Richard Rosenbaum is the author of the novella Revenge of the Grand Narrative (Quattro Books 2014), and the non-fiction book Raise Some Shell (ECW Press 2014) about the historical and cultural significance of Teenage Mutant Ninja Turtles. He’s also Fiction Editor for Broken Pencil Magazine and a regular contributor to the popular culture website Overthinking It. He lives in Toronto.





displays no typical symptoms expected of a person his age, beyond a certain (quite understandable) sort of sartorial paralysis. Remarkable! This past spring, Agent K celebrated his two-hundred and eighty-fifth birthday. Featuring blueberry cheesecake. Really pretty delicious, to hear tell. Asked about what most profound changes he’s observed thanks to his extraordinary longevity, he relates the following:
     In his youth he would travel daily to the centre of town where stood the architectural marvel known today officially as “Generic House of Worship.” Built centuries earlier than even Agent K himself, the aforementioned structure was simple yet elegant; its underframe in essence a three-storey cube, its facade employed a distinct design style for each separate outer wall. Having taken so very long to construct – in part due to waxing and waning availability of funds and donations, in part to sporadic disruptions and physical damage to the site caused by

  1. Flood;
  2. Fire; and
  3. Hurricane

– by the time one side of it was completed in full, public tastes had shifted, requiring re-imagination by draftspersons, engineers, sundry public officials, et cetera, such that at time of its official dedication one would scarcely have been able to tell that the place one had entered through one door was the same which one exited by another.
     North face: in late Baroque/early Neo-Classical style, upright vertical columns, crowned by pediment, bays of sash windows.
     East face: in Gothic style, ogival arches, groin vaults, flying buttresses between which walls opened up into enormous windows of prismatic stained glass.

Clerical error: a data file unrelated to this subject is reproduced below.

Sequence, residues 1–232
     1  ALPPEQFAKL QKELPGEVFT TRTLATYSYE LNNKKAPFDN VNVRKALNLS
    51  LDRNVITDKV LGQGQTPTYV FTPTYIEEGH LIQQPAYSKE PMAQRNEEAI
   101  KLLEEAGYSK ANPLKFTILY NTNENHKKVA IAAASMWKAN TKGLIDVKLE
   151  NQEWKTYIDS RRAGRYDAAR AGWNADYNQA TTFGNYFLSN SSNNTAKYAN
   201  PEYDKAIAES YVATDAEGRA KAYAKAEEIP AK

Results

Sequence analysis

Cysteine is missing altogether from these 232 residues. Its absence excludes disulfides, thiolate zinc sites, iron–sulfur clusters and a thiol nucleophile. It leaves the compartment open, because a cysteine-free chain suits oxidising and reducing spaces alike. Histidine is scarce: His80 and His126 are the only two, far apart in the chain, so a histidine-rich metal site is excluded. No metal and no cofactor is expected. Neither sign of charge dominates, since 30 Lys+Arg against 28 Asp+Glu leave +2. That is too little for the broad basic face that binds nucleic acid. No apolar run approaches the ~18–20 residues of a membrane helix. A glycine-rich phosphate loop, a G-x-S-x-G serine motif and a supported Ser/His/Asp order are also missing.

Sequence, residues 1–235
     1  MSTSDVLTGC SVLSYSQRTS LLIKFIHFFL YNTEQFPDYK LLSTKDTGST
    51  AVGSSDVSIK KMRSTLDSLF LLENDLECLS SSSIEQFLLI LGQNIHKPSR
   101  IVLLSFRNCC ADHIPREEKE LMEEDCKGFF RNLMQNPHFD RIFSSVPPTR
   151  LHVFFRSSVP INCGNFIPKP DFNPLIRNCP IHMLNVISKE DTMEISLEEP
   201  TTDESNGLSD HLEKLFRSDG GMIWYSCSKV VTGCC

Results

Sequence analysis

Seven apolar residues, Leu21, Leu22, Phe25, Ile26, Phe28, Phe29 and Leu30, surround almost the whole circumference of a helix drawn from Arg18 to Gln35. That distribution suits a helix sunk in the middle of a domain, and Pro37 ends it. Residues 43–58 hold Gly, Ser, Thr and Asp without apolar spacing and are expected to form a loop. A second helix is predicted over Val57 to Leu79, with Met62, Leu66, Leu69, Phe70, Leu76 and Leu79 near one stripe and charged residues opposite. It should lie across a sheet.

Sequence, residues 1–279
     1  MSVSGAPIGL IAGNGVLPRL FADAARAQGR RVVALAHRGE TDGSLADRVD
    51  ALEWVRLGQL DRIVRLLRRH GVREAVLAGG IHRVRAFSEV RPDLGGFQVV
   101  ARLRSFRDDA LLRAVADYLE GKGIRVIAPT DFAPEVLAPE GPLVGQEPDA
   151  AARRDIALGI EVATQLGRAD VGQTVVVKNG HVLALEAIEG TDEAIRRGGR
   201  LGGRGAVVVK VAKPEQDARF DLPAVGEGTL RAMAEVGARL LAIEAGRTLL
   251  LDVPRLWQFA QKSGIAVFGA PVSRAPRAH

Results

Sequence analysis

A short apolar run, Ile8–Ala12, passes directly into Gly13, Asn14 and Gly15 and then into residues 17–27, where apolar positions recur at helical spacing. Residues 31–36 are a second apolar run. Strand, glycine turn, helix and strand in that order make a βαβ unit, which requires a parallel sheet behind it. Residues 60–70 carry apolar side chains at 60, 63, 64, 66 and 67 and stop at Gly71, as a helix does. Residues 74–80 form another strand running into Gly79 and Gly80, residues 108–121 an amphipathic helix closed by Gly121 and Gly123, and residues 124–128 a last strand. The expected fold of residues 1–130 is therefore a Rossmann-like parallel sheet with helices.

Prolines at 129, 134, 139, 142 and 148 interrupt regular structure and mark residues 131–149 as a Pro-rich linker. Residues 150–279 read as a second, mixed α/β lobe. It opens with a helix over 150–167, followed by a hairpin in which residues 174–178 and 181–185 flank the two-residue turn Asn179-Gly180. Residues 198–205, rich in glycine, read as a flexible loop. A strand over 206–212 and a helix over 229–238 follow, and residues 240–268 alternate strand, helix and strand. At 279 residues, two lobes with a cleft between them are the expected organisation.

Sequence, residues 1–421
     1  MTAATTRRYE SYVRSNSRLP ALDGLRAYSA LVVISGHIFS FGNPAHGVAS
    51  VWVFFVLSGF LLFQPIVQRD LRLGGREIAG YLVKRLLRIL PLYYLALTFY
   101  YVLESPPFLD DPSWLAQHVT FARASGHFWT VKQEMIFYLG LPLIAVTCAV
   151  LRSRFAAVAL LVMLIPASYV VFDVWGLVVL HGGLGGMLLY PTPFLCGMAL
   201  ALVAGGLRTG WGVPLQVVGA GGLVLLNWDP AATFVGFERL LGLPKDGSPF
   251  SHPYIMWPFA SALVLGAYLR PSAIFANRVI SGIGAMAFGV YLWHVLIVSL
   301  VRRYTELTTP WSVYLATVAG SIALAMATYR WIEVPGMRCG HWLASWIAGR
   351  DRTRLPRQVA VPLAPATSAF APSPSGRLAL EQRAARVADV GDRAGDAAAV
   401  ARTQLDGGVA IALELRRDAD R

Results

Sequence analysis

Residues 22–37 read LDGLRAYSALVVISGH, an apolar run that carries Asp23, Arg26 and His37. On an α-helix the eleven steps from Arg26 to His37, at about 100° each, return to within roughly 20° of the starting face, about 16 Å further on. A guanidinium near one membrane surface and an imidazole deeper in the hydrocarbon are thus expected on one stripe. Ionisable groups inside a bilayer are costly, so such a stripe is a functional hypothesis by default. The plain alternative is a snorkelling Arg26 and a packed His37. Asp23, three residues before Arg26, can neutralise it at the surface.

South face: proto-Modernism, modular wood, glass, and iron, upon granite plinth, arranged as a grid along this entire side of the building.
     West face: nostalgically in Ancient Near East style, all unevenly textured sandstone and light limestone masonry.
    Nobody really remembered in which order the four sides were built, and naturally no two people could agree on which were archetypes of beauty and majesty and which were hideously ill-conceived eyesores; all managed, though, to have an opinion. Nevertheless, a constant stream of the faithful poured in and out via one entrance or another according to their aesthetic preference, boycotting those doors offending their sensibilities, only to meet within the sanctuary’s reverberant interior, unified, open, all-inclusive.
     A single feature, though, everyone seemed to concur, shone as an example of beauteous brilliance: in the outer courtyard, a simple circular pool, full at all times with water still as eternity, deep enough to prevent vision penetrating its surface even under brightest day; accordingly crepuscular to a point such that its depth was inestimable. Water filled it to its lip, yet it had never been observed to overflow, even under the most voluminous downpour. A mystery no one has been sufficiently able to explain to this very day.
     Here at pool’s edge Agent K would perch himself every day to sip infusion of mint, watch passers-by, record thoughts and observations, both rational and empirical, internal and external alike. Citizens travelling to Generic House of Worship would always see him there, same time-same place, looking, thinking, writing. All of these people knew him by sight if not by name, and he gained a reputation; so regular and precise in his appearance and departure from the spot that it was widely acknowledged one could set one’s clock by him, and not an insignificant number in fact literally did; here was Agent K first discovered and recruited by those forces who would dub him with the designation under which he was to become known.
     All this is to say: most profound changes observed by Agent K across these decades and centuries? Two would come immediately to his mind.
     First, nobody goes to Generic House of Worship anymore and its primary function today is as a venue for extremely loud rock concerts (a musical style not at all to his liking), and
     Second, all clocks are now automatically calibrated by satellite, rendering him redundant at best as a means of timekeeping. He would not admit to it having been the conscious reason for his discontinuation of that daily routine some number of years ago, but it was something about which he had wondered once or twice.